Review: castes and revolution in India from an untouchable’s viewpoint in Ants Among Elephants
Sujatha Gidla shows what it was like to grow up the lowest of the low in a country dictated by entitlement and bigotry, and how that led to her joining a movement promoting armed revolution
by Sujatha Gidla
Farrar, Straus & Giroux
Most people outside India have only a half-baked understanding of the country’s caste system. It is complicated. For non-students of the Indian subcontinent, it can be simplified into a gradation of wealth and power, which slowly diminishes until we arrive at those who have little of either. Such people are often referred to as untouchables.
Could this system still exist is this modern age? Why, yes, it could, and it does.
By the time you finish reading Sujatha Gidla’s Ants Among Elephants, your appreciation of the Indian caste system will have become finely tuned. Via the march of history and dint of circumstance, the Hindus have brokered power and wealth in India. It was they who formalised and institutionalised the caste system, a delineation of entitlement and bigotry that is in operation everywhere, all the time.
Gidla was born in south India, in a town called Khazipet in the state of Andhra Pradesh, the daughter of two college lecturers. However, she was still an untouchable. Why? Because her family was Christian.
“Christians, untouchables – it came to the same thing. All Christians in India were untouchable … I knew no Christian who did not turn servile in the presence of a Hindu. I knew no Hindu who did not look right through a Christian man. I accepted this. No questions asked.”
That was until Uncle Satyamurthy, her mother’s older brother – a principal architect in the leftist, armed movement to overthrow the Indian government in the 1970s – came into view.
Gidla’s writing starts out clipped and dark. Uncle Satyamurthy is the hub of her tale, but the bigger story is about her family – mother, father, uncles, aunts, grandparents – and how they navigated the waters of late colonial and then early independent India. This is a real story, told with wide-eyed wonder, and it invites you right into the family.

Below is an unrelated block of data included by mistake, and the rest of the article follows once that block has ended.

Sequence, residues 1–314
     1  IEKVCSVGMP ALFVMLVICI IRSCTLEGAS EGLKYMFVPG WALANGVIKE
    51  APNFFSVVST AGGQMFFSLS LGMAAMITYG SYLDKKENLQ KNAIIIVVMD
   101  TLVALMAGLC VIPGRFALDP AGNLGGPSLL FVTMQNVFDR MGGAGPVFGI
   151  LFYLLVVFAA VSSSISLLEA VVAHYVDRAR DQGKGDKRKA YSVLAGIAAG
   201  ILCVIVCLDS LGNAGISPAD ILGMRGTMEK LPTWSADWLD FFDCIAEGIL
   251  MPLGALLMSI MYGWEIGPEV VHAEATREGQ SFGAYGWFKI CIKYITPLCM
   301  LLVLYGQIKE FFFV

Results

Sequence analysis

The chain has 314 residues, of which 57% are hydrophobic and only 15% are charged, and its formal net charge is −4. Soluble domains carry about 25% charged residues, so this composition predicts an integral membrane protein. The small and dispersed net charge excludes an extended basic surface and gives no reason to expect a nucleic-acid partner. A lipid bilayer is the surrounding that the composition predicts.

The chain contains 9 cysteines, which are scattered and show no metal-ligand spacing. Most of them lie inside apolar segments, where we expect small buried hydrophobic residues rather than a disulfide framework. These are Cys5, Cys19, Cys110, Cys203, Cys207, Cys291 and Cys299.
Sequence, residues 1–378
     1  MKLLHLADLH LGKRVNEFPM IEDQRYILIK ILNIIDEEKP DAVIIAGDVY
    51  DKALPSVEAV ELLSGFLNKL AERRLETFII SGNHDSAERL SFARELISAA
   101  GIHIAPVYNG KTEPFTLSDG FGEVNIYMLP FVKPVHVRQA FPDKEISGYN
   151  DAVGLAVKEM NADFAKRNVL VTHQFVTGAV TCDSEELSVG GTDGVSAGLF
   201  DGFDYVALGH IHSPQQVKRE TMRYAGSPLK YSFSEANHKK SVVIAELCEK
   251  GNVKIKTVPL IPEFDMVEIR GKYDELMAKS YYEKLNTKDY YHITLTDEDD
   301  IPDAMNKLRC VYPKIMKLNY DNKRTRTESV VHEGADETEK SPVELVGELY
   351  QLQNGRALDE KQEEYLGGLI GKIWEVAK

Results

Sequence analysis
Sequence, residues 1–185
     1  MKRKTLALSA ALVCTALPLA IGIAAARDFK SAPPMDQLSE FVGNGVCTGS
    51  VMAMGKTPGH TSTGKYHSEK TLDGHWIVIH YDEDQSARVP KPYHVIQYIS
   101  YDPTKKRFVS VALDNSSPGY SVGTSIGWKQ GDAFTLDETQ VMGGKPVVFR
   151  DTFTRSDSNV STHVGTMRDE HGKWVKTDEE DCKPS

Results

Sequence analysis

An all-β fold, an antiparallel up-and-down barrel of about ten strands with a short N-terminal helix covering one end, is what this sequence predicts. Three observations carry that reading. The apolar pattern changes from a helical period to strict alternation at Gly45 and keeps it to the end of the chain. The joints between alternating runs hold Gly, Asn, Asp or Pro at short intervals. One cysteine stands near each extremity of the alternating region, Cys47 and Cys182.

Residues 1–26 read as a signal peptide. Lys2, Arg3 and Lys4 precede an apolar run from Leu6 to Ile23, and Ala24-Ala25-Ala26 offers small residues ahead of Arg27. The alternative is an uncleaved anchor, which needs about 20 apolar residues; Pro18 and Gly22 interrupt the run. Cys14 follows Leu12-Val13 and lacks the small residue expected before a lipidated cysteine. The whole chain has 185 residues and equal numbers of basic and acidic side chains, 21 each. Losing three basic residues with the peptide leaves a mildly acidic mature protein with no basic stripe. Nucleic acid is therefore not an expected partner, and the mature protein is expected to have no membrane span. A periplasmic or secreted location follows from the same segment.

A fine-grained history of the subcontinent also takes shape in the book as Gidla gathers her family’s story, particularly her uncle’s. Satyamurthy is a rich character – he can be a dreadful prig, but on the other hand he knows how to laugh, how to take the rough with the smooth. He leads a fascinating life, and the highs and lows of it make for a good investigation into the murk of post-independence.
Satyamurthy is true to himself – he is a revolutionary fighting iniquity, a poet and once, to make ends meet, a professional writer of love letters – but he is also doomed.
Whether you buy into his Maoism – not the full-blown, Little Red Book-waving variety, but the belief that “political power grows out of the barrel of a gun” – or not, that brand of guerilla warfare continues today via the People’s Liberation Guerrilla Army, the armed wing of the Communist Party of India (Maoist).
Gidla is our window into the world of the untouchables and their acts of defiance. She is bitten by the revolutionary bug, and bitten hard: arrested by the Indian authorities, tortured, left to rot, released. She has been party to the heights and the depths of living a revolution.
Today she lives in New York. After a period of working in software applications, she decided to become a train conductor in the city subway system, the first Indian woman to so serve. It’s good to see her revolutionary spirit still burning strong.